Farming for Tomorrow

Making the rain, and making it better

'Minute molecules go right to where they're needed, giving impressive results.'

Saving farmers’ little helpers

Dung beetles can restore the health of farming ecosystems, reports Cornelia du Plooy. But their survival is threatened by toxic anti-parasitics. A toxicity rating system for animal health products now gives farmers an indication of how to use these products safely.

Don’t blame springhares for chicory losses

Farmers who blame the southern springhare for destroying their chicory crops often hunt it as pest. However, a recent study indicates that the springhare is an innocent victim - the damage is more likely to be caused by the common duiker, an antelope that not only injures the leaf stock but also digs into the soil to expose the chicory root.

Natural plant growth stimulants and pesticides

At a recent course on sustainable farming, Graeme Sait, CEO of Australian company Nutri-Tech Solutions, promoted natural growth stimulants and pesticides such as triacontanol and aloe vera, and more effective integrated pest management.

Tools for crop farmers

At a recent course on biological farming, presented by Nutri-Tech Solutions, Wilma den Hartigh found out about valuable tools used to measure soil pH and brix levels, and plant sap extractors for monitoring plant health, as well as why more farmers are using foliar feeds.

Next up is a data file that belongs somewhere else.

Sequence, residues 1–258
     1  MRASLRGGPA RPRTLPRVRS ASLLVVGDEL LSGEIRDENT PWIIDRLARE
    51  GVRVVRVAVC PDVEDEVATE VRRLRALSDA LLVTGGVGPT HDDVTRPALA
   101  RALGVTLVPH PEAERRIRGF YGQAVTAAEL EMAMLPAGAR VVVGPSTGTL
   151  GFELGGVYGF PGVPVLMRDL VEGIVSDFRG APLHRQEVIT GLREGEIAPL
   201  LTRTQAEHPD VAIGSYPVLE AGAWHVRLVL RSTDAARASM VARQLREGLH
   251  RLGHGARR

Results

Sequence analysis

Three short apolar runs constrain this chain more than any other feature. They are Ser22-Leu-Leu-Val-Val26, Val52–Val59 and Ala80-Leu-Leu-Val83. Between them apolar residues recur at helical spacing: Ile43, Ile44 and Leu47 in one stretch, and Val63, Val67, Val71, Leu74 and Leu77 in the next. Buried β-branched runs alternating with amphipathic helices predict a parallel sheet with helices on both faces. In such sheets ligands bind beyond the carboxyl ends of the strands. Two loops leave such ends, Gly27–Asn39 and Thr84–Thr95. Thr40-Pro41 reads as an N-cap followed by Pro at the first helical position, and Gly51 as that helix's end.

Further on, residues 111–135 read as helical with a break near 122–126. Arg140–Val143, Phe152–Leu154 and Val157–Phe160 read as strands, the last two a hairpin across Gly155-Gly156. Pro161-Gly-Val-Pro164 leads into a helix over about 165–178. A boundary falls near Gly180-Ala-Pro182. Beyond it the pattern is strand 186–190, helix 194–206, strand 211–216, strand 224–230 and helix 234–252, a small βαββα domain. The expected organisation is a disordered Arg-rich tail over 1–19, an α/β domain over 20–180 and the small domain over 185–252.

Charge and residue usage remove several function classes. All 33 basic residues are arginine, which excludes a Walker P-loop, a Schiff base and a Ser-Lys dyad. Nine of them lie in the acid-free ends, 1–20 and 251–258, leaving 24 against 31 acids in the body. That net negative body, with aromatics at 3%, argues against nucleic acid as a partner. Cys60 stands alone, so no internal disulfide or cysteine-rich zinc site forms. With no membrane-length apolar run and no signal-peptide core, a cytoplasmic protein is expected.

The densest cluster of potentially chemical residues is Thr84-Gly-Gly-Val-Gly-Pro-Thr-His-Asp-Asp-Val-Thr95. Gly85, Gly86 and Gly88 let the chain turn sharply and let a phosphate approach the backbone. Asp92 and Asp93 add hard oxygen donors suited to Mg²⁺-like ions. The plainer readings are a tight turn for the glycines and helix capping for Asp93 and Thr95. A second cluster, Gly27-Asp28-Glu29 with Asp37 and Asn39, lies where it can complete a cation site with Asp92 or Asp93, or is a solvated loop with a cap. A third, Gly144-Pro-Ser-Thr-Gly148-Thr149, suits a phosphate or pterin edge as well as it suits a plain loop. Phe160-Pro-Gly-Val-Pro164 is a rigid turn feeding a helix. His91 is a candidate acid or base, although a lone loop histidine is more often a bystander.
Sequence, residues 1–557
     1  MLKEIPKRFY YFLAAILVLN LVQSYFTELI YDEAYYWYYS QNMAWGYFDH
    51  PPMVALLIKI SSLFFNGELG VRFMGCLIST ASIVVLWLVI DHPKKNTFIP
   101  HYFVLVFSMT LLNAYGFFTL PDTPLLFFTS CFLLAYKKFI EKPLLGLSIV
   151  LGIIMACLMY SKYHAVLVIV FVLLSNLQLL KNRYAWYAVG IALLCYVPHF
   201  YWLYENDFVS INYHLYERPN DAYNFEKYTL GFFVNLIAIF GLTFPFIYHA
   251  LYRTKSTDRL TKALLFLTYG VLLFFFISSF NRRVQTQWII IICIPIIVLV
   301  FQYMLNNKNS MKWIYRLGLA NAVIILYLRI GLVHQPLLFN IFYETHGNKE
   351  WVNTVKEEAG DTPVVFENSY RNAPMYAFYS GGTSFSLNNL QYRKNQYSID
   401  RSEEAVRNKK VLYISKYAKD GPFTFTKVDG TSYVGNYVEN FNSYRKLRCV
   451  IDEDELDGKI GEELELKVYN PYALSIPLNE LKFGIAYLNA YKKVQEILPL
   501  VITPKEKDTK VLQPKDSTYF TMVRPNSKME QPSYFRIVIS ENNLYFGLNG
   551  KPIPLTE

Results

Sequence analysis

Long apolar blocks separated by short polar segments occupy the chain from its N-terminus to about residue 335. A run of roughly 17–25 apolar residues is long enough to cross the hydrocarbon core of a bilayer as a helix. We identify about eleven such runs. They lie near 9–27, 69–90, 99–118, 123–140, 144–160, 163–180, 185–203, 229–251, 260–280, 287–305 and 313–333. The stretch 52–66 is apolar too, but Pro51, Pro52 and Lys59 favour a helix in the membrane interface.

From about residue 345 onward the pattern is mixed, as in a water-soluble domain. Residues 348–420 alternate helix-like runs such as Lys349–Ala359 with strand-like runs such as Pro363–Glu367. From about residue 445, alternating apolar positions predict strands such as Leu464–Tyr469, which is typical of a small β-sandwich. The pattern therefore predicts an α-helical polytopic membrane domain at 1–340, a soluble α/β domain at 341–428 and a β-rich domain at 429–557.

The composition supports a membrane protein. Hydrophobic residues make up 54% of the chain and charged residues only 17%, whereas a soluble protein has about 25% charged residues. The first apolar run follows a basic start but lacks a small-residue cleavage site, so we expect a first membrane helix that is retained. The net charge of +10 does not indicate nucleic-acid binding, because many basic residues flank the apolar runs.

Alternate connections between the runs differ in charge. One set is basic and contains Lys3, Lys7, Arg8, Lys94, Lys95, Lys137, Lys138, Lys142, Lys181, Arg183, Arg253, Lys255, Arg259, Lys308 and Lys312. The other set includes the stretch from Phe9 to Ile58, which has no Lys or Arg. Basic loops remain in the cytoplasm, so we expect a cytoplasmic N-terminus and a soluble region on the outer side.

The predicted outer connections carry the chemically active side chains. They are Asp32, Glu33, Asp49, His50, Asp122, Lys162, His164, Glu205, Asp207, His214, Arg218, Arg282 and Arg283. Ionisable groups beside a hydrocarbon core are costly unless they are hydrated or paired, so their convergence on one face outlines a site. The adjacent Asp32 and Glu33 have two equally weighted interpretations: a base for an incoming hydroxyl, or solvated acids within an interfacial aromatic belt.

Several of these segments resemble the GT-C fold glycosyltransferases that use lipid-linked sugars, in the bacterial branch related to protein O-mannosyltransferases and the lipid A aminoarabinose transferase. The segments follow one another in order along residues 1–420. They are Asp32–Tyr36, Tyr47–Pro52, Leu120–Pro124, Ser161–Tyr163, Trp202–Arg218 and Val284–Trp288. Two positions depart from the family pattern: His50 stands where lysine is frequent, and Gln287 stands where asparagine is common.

Induce resistance for disease prevention

Inducing systemic activated resistance is one of the active defense systems that can protect crops against disease attack. Joel Williams said inducing systemic resistance can be effective in achieving quality without sacrificing yield.

Deficiencies – proof in the leaf

Farmers can pick up plant nutrition deficiencies before they become visible in the field by means of a leaf analysis, says Joel Williams.

‘Big four’ approach for maximum yield

The “big four” approach Joel Williams said Zimmer's discovery, known as the “big four” approach, focuses on building maximum sugar production and microbe support.

Avitourism: birds are a free attraction

Alongside natural vegetation, insects and small mammals, birds are the most underrated and underdeveloped resource in agricultural tourism on farms and game ranches. With skill and imagination and very little input, this resource can contribute significantly to the income of an enterprise.

Apples face a climatic countdown

Global warming might have a devastating impact on apple production in the Western Cape, Wiehahn Steyn from the Horticulture Department of the University of Stellenbosch said at the Cape Pomological Association's climate information seminar held recently in Stellenbosch. Issue date 15 June 2007

Great minds think small: operating on a nanoscale

They will enable continuous remote sensing of products during production, processing, packing and distribution. Issue date 8 June 2007

Ingredients that make a good farmer

Fidelis Zvomuya speaks to Grain SA Emerging Grain Producer of the Year finalist Elias ­Pangane and finds out about his bean production practices that contribute to yields of approximately five tons per hectare.

Must Reads

Send this to a friend